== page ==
Is Peacock’s Vampire Academy Based on a Book?

Is Vampire Academy Based on a Book

Is Peacock’s Vampire Academy Based on a Book? – A month before its Peacock release, the 2014 fantasy comedy picture Vampire Academy, which is likewise based on Richelle Mead’s original YA novel, premieres on Netflix. Notably, Julie Plec, who also brought The Vampire Diaries to the CW, was the series’ primary creator. However, despite Zoey Deutch doing her damnedest to liven up the proceedings, this film adaptation is clumsy, packed with awkward supernatural lingo, and just not very fascinating.

It centers on the friendship between Rose and Lissa, two best friends. Lissa is a member of the vampire royal family, but Rose is a half-vampire who is learning how to take care of Lissa. They belong to diverse social classes and face various issues on both a personal and professional level. Despite this, they have a strong link that enables them to rely on one another in any circumstance. The Vampire Diaries creators Julie Plec and Marguerite MacIntyre created the television series, which centers on their friendship against the backdrop of political unrest emerging in the vampire community and the growing threat of the Strigoi.

The show features a lot of action and adventure, but it also looks at a tangled relationships and strong friendships. It is an intriguing tale that captures your interest right away.

Must Read: Is Vampire Academy Related to The Vampire Diaries?

Is Vampire Academy Based on a Novel

Is Peacock’s Vampire Academy Based on a Novel?

Yes, “Vampire Academy” is based on Richelle Mead’s book series of the same name. The series’ first book was released in 2007, and the sixth book was released in 2010. A spin-off series called “Bloodlines,” which also has six books, further developed the plot. Mead had previously completed the first in a six-part series of The Georgina Kincaid novels, “Succubus Blues,” before beginning “Vampire Academy.” She decided to write a YA supernatural fiction novel about vampires since she was interested in writing one. The first novel in Stephanie Meyer’s “The Twilight Saga” had already been published at that point, but Meyer wasn’t yet well-known.

Mead began developing “Vampire Academy” because she felt that there weren’t enough vampires in the YA genre. She had taken several different mythologies and ethnic folklore classes in college. She had a particular interest in Eastern European mythology and Slavic folklore. She intended to write a novel that was distinct from the vampire genre’s previous works, which at the time included Anne Rice’s “Interview With the Vampire” trilogy and the timeless novel Dracula by Bram Stoker.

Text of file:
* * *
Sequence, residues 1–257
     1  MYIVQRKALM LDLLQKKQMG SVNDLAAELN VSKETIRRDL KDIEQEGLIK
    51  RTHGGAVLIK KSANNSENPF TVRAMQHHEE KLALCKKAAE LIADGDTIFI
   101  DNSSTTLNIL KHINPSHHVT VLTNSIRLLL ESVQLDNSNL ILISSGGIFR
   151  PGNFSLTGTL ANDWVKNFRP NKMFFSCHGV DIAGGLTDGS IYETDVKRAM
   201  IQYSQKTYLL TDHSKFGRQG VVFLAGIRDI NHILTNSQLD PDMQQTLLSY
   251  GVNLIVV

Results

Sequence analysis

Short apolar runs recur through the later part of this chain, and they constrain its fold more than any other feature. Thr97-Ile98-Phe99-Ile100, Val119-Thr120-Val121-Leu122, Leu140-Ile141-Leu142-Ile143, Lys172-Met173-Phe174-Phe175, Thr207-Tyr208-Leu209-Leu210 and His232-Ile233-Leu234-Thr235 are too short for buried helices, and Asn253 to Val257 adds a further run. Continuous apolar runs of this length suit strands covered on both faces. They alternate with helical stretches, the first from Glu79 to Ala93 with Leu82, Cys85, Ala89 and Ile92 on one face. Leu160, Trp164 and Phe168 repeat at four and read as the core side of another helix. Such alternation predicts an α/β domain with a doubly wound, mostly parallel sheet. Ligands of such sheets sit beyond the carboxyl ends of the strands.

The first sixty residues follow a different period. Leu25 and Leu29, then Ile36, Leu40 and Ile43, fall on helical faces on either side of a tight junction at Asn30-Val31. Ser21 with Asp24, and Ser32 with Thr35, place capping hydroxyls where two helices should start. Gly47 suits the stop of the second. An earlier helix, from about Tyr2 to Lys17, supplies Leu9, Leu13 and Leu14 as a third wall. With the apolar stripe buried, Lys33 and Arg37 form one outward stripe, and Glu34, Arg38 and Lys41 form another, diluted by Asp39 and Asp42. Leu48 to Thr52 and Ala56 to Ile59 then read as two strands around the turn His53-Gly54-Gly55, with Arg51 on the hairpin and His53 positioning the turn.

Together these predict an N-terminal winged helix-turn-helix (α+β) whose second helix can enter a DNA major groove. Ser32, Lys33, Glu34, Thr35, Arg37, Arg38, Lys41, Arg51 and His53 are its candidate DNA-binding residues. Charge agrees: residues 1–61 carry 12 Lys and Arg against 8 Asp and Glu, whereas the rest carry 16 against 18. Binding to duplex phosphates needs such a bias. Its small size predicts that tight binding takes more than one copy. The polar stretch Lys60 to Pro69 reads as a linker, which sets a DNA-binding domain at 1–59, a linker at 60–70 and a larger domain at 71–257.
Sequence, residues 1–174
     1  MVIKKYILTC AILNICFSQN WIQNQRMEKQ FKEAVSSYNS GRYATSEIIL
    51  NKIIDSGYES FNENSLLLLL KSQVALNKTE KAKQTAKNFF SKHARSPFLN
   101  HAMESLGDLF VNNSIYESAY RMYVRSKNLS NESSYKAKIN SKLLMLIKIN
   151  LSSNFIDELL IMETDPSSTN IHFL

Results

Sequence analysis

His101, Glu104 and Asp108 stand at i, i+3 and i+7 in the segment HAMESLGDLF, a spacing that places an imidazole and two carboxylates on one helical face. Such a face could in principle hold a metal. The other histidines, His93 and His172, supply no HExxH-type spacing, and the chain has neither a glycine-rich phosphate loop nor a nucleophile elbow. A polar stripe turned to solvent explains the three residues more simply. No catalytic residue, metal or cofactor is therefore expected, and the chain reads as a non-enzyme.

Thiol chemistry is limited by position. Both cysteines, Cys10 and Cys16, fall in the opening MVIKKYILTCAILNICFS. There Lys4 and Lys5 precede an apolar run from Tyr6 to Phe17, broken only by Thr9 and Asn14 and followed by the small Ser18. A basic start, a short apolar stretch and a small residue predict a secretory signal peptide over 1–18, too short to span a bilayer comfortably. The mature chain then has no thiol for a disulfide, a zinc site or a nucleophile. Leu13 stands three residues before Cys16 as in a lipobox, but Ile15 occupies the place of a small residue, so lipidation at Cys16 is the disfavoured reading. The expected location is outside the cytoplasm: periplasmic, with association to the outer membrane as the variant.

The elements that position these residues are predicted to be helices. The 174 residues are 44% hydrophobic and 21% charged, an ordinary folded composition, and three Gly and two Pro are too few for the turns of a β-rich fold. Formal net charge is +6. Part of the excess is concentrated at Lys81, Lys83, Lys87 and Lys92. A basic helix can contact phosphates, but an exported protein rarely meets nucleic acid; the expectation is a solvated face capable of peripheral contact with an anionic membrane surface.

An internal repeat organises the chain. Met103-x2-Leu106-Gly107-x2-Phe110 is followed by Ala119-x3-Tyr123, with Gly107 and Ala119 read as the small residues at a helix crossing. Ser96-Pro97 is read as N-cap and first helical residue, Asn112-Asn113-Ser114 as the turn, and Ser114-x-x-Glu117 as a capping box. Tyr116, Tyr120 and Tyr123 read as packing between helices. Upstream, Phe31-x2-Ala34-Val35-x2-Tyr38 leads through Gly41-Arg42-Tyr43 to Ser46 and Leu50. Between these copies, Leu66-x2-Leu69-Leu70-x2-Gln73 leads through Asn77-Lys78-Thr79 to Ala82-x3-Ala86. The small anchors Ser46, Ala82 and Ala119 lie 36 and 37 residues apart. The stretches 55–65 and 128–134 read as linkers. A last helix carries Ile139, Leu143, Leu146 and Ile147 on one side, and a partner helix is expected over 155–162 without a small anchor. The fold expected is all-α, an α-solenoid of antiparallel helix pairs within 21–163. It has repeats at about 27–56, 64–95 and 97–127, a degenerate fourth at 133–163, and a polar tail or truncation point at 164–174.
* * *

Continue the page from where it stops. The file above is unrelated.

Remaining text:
Mead learned about the numerous forms of vampires from Romanian mythology. There were Dhampir, Moroi, Strigoi, and half-vampires. This inspired Mead to develop a class divide among the vampires and include more political struggle in the narrative rather than restrict it to a romance-centric premise, which ultimately convinced Plec and MacIntyre to adapt it into a television series.

Plec first discovered the “Vampire Academy” books when they were young, describing them as “Bridgerton with vampires in a Hunger Games-esque scenario.” She shared her love of Mead’s books with MacIntyre, and they went on to work together on “The Vampire Diaries,” “The Originals,” and “Legacies,” with MacIntyre contributing as a writer to the last two. Due to its themes of an old-fashioned social and political structure, as well as young people questioning the things of the past and acting to change them, “Vampire Academy” struck MacIntyre as a story to be told in modern times.

Plec and MacIntyre had a lot of material to choose from because the series included six novels. They chose to play with the chronology instead of delivering the story precisely as it is in the novels, emphasizing on some plot events in the first season that occurred much later in the books. However, they largely adhered to Mead’s original intentions for the characters and the broad course of their development. “Vampire Academy” discusses a wide range of topics.

Still, at its core, according to Plec, “it’s a story about a friendship that nobody thinks can survive because society isn’t built that way — and yet, through thick and thin, they have each other’s backs, there’s plenty of romance, but this is a story about these two women and how they, together, as a team, are going to end up doing some really meaningful things in the world.”

Even though it is evident that “Vampire Academy” is fiction, the show’s makers and the author of the novels have made an effort to keep the plot anchored in reality by keeping the connections between the characters as natural as possible.

The first four episodes of Vampire Academy arrive today i.e 15 sept, exclusively on Peacock.